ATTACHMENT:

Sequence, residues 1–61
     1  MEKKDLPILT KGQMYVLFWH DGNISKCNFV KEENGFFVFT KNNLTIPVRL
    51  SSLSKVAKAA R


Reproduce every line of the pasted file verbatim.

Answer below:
Sequence, residues 1–61
     1  MEKKDLPILT KGQMYVLFWH DGNISKCNFV KEENGFFVFT KNNLTIPVRL
    51  SSLSKVAKAA R